The postmortem examination or autopsy is an invaluable diagnostic tool. In the past, anatomical dissection and autopsies had been used for teaching anatomy and pathology in a large percentage of medical schools. Unfortunately, the number of autopsies performed for teaching purposes has declined significantly (Parker, 2002). In the article entitled, "AIDS Expert Helps Doctors Learn From Autopsies , Lawrence Altman, M.D. highlights the contributions of Dr. Sebastian Lucas, a British pathologist who has performed more than 1000 autopsies on H.I.V. patients in England and Africa.
Dr. Lucas presented his findings to AIDS scientists who were present at the 10th Conference on Retroviruses and Opportunistic Infections from February 10-14, 2003. The scientists, molecular biologists and statisticians who are part of the research team very rarely witness the damage done to the organs and tissues of those afflicted with this virus. Dr. Lucas' purpose for attending the conference and presenting his findings was to encourage all professional members involved in AIDS research to assist in developing a more standardized means of communication so as to greatly improve their understanding of this epidemic.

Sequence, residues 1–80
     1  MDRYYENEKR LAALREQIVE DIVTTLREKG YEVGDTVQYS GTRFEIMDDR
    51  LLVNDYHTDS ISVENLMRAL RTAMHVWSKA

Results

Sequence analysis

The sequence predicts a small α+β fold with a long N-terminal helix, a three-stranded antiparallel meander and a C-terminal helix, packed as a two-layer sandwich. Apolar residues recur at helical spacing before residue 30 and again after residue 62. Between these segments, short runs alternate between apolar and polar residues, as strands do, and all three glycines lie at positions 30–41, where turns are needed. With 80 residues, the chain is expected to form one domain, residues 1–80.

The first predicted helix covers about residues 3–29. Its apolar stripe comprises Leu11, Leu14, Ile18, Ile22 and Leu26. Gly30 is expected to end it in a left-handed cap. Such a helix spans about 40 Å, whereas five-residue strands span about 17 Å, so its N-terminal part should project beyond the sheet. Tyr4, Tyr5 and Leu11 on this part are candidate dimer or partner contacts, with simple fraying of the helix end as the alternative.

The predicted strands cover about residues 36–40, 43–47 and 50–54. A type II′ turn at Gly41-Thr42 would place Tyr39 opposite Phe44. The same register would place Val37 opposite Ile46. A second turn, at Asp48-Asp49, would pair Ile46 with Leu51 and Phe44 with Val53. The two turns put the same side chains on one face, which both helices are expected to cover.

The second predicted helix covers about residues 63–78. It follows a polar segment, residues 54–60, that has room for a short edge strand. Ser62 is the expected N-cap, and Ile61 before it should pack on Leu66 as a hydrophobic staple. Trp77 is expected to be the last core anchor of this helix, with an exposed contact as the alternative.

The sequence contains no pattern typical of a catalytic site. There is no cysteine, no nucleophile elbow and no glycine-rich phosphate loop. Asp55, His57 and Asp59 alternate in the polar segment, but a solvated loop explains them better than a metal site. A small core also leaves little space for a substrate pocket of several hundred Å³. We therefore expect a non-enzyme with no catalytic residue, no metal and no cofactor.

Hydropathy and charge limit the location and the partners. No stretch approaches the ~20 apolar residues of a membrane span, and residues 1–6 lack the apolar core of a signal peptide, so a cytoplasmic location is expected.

Dr. Lucas cited the case of an H.I.V. infected African patient whose skin was covered with hundreds of red spots that led his doctors to believe that he had smallpox. While his physicians tried to diagnosis this patient's ailment, he died. It was through the results of an autopsy that this man's disease was diagnosed. He had succumbed to the cryptococcus fungus, one of the opportunistic infections that can results when a H.I.V. patient's immune system is severely compromised. While clinicians in developed countries can order laboratory testing to assist in diagnosing and identifying pathogens, the clinicians in developing countries must rely on signs and symptoms to diagnose. These developing countries also lack the facilities an